Category Archives: Young Adult Fiction
The world began without the human race. Now, after a mysterious pandemic decimates the entire adult population, it looks as if it will end exactly the same way. Unless the young survivors – who band together in warring Tribes – overcome the power struggles, dangers and unexpected challenges in a lawless dystopian society to unite and build a new world from the ashes of the old. The Birth of The Mall Rats is the first story in a compelling series of novelisations of the global cult television phenomenon, The Tribe. Creating a new world in their own image – whatever that image might be…
In the late 1990s and early 2000s a New Zealand-made show about a world where the adults were wiped out by a virus became a cult hit. Running for five seasons (before the producers thought the actors were getting too old for their roles and cancelled it), The Tribe centred on the Mall Rats living in a previously abandoned shopping mall in the middle of an abandoned city, and featured other tribes of kids and teens trying to survive in this new world.
Since the show’s cancellation the cult following has continued, including a spinoff show about younger kids, soundtracks, DVDs – and books.
The Tribe: the Birth of the Mall Rats is not the best introduction to this phenomenon. It is a for-fans-only type of book, and is more or less the first season of the show in written form. The problem with this is that the book is basically the scenes from the television on the page, which means they’re all too short (there are 181 chapters!).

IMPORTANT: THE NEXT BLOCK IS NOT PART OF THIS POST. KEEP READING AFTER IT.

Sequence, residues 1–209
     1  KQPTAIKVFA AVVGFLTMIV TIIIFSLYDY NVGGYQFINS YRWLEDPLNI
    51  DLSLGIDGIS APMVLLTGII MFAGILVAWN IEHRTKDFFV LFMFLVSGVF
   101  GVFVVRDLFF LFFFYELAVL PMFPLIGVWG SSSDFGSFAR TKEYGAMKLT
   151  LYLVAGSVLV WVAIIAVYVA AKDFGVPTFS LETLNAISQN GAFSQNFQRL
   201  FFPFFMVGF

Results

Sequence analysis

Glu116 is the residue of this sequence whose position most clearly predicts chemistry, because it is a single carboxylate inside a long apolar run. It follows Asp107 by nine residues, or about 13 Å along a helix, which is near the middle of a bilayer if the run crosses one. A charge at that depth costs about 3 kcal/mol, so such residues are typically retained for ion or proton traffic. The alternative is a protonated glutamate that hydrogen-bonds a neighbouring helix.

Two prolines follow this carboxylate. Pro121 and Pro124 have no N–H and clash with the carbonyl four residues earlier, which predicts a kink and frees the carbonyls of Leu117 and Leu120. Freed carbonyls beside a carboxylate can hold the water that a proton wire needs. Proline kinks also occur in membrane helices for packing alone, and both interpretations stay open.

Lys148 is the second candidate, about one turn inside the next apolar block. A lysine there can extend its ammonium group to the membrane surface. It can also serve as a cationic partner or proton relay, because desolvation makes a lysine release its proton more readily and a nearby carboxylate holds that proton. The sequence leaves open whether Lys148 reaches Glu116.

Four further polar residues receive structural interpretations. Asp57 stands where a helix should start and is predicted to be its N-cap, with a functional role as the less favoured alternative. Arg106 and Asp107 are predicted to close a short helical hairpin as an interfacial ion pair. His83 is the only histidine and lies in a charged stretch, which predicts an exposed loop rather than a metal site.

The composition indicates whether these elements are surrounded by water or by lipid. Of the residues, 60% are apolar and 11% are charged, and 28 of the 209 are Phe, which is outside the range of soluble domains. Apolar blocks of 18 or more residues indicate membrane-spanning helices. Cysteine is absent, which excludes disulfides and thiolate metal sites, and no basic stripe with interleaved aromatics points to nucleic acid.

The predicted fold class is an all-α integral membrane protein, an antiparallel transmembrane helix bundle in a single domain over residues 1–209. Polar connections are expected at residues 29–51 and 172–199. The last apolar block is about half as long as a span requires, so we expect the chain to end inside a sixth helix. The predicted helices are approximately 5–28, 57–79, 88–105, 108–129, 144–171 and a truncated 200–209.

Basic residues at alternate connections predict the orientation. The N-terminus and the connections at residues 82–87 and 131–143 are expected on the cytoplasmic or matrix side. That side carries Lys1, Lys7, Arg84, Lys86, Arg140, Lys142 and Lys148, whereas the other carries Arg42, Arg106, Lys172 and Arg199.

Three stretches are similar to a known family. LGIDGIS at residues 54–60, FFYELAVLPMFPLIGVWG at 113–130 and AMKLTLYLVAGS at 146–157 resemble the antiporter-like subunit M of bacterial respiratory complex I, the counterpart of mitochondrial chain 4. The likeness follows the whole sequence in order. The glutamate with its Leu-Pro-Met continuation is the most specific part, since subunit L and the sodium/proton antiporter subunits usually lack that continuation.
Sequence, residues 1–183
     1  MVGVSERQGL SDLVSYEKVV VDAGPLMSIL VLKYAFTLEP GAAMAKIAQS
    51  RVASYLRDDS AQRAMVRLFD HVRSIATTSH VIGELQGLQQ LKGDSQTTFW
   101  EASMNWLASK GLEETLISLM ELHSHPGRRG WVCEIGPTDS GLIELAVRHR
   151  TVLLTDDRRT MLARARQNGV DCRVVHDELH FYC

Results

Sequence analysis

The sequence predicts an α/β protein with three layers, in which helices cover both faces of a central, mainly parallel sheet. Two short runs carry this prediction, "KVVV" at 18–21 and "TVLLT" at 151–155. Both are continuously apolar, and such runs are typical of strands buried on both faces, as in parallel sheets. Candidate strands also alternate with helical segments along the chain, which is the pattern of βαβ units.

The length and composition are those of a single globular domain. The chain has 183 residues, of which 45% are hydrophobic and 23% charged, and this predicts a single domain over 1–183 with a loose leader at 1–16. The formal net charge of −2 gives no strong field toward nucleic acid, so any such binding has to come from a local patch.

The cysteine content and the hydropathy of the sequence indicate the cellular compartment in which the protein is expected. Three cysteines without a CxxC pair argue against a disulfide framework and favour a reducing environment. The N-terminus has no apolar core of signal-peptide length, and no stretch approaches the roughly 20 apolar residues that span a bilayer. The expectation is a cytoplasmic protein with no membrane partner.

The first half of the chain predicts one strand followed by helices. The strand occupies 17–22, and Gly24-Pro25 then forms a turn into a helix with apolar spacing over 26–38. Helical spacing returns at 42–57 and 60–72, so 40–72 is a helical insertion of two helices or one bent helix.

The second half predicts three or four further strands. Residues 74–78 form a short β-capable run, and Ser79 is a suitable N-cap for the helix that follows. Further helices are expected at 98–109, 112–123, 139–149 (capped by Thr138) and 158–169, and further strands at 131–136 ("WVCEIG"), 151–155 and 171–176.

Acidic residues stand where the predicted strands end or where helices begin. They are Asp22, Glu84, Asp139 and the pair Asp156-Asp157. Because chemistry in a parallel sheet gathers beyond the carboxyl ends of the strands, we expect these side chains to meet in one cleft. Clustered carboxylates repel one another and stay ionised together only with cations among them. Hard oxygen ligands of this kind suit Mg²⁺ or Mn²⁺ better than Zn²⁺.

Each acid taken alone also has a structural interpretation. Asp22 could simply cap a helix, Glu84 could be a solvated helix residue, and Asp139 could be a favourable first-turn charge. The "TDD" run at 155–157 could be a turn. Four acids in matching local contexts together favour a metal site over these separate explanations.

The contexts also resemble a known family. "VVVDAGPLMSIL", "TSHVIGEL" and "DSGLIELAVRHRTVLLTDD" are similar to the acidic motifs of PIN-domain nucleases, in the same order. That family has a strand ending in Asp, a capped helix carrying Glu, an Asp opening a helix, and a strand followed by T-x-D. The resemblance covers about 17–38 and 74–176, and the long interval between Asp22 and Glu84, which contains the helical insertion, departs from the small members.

The show had large ensemble cast (with some standouts – go Amber and Bray!), which means we’re jumping around a lot. It works on the screen, and the author has tried his best to make it work here, but it really is a book for people who already know these characters.
There’s another book – The Tribe: A New Dawn – which reads more like a proper novel. A New Dawn has taken the scripts and storylines for the planned but never made sixth season and turns them into something that works on the page.
For all its drama, crazy costumes, and occasionally weird acting, The Tribe was an addictive post-apocalyptic-type soap opera that was loved by at least one generation.
Roswell was a TV show (based on a book series), that became a cult favourite after its premiere in the late-1990s. I wrote about it a while ago, after reading all of the books. I was a fan of the show before I even knew the books existed, and – like many others – wasn’t happy when it ended.
However, the last thing I expected was for the network to reboot it so many years later, with a new cast! A second version of Roswell is due to hit screens in 2019.
I want to say I’ll give the new version a chance, but I don’t think I want to! Why can’t people come up with a new idea instead of taking a cult favourite and redoing it?
I suppose the target audience this time round wasn’t even born when the original was on, but I hope that new Roswell fans will go back and take a look at the first version.
Undead Girl Gang was released this month and is a fun take on the paranormal. I read the first few chapters as a sample review copy, and the writing is fun.
Here is the blurb: